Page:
LiquidHellum-3. The helium-3 atom contains an odd number of fermions thus it is itself a fermion. For many years, it was expected that Hquid helium-3 might have relatively normal properties at even the lowest temperatures. This expectation was tempered, however, by quasisuperfluid behavior observed in another fermion system. The conduction electrons in metals are fermions, and at low temperatures, some metals become superconducting. Their resistance to direct current becomes identicaHy zero which implies a superfluid behavior of the conduction electrons. In 1957 (63) superconductivity was explained by showing that a net attractive force between pairs of electrons could be created through their interactions with the lattice ions (63). These bound pairs formed a single quasiparticle having an even number of fermions which then behaved as a boson. This theory implied that, at low enough temperature, helium-3 atoms should also form bound pairs and show some form of superfluidity.  [c.8]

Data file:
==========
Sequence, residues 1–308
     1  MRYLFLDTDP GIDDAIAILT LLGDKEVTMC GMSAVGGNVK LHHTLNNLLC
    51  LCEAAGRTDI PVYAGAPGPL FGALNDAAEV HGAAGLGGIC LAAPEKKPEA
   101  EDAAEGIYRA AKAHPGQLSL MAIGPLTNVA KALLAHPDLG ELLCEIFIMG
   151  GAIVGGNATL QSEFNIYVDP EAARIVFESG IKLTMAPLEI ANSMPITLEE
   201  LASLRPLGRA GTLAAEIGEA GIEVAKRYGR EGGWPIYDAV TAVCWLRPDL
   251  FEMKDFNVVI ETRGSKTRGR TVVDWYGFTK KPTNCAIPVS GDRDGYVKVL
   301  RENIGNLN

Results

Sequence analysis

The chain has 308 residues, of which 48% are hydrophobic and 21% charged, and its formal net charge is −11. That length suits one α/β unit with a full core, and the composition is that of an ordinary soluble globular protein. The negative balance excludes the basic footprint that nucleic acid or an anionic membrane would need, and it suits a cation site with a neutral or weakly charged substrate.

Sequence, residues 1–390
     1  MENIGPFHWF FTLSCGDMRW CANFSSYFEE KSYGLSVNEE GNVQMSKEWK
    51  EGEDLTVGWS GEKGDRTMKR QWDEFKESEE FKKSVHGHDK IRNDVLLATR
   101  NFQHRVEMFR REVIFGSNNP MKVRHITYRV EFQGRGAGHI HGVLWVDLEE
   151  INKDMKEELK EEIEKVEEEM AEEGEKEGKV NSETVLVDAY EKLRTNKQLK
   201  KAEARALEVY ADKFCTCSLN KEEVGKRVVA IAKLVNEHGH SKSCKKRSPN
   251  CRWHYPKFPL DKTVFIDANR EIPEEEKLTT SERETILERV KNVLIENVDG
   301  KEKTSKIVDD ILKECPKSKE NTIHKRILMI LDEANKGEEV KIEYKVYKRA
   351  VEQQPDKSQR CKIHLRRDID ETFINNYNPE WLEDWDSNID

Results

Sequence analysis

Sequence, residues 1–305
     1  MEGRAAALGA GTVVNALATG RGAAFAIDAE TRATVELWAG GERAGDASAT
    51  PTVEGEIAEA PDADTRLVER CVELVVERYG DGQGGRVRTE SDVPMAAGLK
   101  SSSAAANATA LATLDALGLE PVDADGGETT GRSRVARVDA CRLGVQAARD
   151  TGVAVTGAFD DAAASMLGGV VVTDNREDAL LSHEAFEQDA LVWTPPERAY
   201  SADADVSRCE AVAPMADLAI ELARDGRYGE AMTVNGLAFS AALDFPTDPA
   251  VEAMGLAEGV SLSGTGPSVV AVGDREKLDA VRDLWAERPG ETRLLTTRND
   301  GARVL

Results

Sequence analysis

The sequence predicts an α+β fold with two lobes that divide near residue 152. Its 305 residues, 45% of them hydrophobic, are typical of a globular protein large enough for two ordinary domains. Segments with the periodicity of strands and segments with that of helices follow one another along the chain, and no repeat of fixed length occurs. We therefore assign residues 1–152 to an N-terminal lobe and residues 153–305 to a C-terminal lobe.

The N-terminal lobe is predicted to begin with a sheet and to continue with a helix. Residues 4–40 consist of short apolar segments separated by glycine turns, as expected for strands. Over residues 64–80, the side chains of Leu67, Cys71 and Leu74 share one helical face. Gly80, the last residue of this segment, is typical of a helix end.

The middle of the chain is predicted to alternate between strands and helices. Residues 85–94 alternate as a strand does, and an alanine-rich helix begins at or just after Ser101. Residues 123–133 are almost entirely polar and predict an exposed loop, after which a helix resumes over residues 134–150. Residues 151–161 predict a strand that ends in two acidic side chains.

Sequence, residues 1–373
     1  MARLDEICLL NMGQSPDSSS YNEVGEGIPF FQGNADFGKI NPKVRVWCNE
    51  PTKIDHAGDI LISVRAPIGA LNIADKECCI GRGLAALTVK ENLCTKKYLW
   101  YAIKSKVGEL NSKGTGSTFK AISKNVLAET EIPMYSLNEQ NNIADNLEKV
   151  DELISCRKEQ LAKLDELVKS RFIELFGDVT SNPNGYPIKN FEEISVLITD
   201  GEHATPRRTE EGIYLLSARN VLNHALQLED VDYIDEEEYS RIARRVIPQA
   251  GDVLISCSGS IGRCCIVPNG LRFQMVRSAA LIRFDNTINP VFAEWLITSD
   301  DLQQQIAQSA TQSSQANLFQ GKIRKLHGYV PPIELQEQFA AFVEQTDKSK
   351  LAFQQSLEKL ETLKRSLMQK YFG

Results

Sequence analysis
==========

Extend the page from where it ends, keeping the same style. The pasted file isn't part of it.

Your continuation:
See pages that mention the term Lycodoline : [c.1473]    [c.571]    [c.84]    [c.753]    [c.255]    [c.275]   
The logic of chemical synthesis (1989) -- [ c.403 ]